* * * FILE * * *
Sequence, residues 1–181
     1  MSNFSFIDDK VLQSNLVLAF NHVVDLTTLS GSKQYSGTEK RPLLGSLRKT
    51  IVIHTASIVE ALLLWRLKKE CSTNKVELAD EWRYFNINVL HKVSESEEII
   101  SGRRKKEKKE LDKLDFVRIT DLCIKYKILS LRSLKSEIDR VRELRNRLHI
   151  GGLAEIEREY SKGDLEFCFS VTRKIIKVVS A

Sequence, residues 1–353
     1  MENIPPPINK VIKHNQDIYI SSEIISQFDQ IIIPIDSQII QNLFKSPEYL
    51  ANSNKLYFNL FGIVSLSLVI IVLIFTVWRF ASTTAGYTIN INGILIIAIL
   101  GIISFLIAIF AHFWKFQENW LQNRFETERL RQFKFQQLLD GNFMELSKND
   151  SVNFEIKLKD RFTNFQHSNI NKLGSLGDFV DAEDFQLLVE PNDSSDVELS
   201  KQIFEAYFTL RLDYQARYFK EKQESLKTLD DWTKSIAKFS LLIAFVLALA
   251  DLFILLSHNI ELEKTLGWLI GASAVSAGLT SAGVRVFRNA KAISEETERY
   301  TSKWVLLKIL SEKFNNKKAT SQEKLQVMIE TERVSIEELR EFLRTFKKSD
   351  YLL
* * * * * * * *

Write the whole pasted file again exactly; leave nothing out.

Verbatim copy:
Sequence, residues 1–181
     1  MSNFSFIDDK VLQSNLVLAF NHVVDLTTLS GSKQYSGTEK RPLLGSLRKT
    51  IVIHTASIVE ALLLWRLKKE CSTNKVELAD EWRYFNINVL HKVSESEEII
   101  SGRRKKEKKE LDKLDFVRIT DLCIKYKILS LRSLKSEIDR VRELRNRLHI
   151  GGLAEIEREY SKGDLEFCFS VTRKIIKVVS A

Sequence, residues 1–353
     1  MENIPPPINK VIKHNQDIYI SSEIISQFDQ IIIPIDSQII QNLFKSPEYL
    51  ANSNKLYFNL FGIVSLSLVI IVLIFTVWRF ASTTAGYTIN INGILIIAIL
   101  GIISFLIAIF AHFWKFQENW LQNRFETERL RQFKFQQLLD GNFMELSKND
   151  SVNFEIKLKD RFTNFQHSNI NKLGSLGDFV DAEDFQLLVE PNDSSDVELS
   201  KQIFEAYFTL RLDYQARYFK EKQESLKTLD DWTKSIAKFS LLIAFVLALA
   251  DLFILLSHNI ELEKTLGWLI GASAVSAGLT SAGVRVFRNA KAISEETERY
   301  TSKWVLLKIL SEKFNNKKAT SQEKLQVMIE TERVSIEELR EFLRTFKKSD
   351  YLL